and the notice was given to the astonishment of every one, Mrs. Goodman included.
Mr. Penniman's family went into their large, warm kitchen, laid aside their wrappings,
and sat down to a bountiful dinner, prepared by the eldest daughter during their
absence; and with the appearance of the hot mince pies began the discussion of the
coming donation visit.
" Mother, may I go ?" from a chorus of little voices, and comments from the elder
members of the family according to their moods.
" Well, I paid the whole of my subscription long ago," said Mr. Penniman, with a
satisfied air, " and if the rest had done the same, there would be no excuse for having a
donation visit."
" I don't believe Mr. Jones has paid a cent, and he's rich, too," said Clara, a bright
little girl of eleven.
" No, nor Mr. White, nor Mr. Cook, nor even Deacon Slocum," added George, a stout
lad of sixteen, who knew more, in his own estimation, than any man in the neighborhood.
Mrs. Penniman and the eldest daughter, Mabel, said nothing.
" Mother, I heard my teacher tell the superintendent that if people would only
give tithes now, as the Jews did, there would be no need of donation parties. What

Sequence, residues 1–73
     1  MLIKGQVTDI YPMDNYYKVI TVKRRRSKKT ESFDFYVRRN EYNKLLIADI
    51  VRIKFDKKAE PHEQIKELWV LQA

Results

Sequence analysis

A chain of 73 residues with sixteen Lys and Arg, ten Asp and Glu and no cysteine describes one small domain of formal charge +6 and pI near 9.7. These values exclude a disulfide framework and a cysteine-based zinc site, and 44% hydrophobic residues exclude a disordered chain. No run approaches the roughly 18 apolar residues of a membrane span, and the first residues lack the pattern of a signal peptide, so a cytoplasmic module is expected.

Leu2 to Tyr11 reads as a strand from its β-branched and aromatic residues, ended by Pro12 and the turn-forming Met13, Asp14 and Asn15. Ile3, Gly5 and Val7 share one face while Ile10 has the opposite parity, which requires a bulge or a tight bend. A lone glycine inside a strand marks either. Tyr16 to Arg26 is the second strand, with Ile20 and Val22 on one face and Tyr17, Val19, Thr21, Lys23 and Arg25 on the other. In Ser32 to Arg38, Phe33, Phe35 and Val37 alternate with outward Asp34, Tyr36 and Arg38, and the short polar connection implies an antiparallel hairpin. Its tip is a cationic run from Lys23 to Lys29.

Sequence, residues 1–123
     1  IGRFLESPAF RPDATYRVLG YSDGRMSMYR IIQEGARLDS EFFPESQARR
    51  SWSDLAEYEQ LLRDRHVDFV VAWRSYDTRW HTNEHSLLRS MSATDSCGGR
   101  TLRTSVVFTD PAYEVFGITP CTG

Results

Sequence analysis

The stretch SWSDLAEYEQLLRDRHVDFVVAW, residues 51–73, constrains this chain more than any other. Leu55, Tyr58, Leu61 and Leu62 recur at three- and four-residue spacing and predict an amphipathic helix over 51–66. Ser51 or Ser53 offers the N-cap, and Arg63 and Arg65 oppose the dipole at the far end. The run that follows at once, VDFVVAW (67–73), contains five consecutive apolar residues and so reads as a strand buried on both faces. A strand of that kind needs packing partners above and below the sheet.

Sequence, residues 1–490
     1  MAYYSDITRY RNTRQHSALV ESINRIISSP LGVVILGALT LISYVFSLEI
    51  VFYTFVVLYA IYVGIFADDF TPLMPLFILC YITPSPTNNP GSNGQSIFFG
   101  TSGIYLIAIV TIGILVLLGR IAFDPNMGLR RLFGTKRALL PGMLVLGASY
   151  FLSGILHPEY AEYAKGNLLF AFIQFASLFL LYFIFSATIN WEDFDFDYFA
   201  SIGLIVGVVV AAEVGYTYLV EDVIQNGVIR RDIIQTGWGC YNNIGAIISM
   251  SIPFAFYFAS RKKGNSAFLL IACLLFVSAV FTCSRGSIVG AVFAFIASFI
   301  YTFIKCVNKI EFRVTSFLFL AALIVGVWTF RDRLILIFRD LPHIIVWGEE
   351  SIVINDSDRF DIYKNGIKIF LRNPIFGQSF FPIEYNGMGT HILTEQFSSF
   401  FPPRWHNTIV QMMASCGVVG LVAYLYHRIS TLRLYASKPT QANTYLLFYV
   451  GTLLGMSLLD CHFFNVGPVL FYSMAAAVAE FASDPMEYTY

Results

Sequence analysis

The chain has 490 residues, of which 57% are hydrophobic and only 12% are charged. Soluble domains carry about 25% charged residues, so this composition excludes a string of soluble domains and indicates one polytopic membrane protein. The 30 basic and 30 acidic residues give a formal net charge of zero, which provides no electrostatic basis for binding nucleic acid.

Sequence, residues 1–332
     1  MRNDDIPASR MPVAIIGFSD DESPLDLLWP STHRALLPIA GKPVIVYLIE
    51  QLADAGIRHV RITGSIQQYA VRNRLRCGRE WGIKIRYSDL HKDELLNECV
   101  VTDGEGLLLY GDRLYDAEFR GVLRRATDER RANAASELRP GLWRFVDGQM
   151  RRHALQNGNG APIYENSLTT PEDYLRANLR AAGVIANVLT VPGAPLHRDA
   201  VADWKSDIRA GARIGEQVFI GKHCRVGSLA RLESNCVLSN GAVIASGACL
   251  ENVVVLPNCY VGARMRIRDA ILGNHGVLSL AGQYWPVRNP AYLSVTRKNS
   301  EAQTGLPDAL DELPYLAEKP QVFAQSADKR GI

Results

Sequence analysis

are tithes ?" said Robert, the nine year old son.
" I will tell you all about it this afternoon. Finish your dinner, now," was the reply.
An hour later, according to promise, the mother sat, Bible in hand, explaining to her
younger children the Jewish law of benevolence. Clara and Robert were finding the
references, and James and Minnie were asking numberless questions. Jacob's vision
interested them greatly. Robert read the dreamer's morning vow, " Of all that thou
shalt give me, I will surely give the tenth unto thee."
"Then tithes mean tenths. Does it mean a tenth of everything ?" asked Robert.
" Turn to Leviticus, 27th chapter and 30th, 31st, and 32d verses," was the mother's
reply.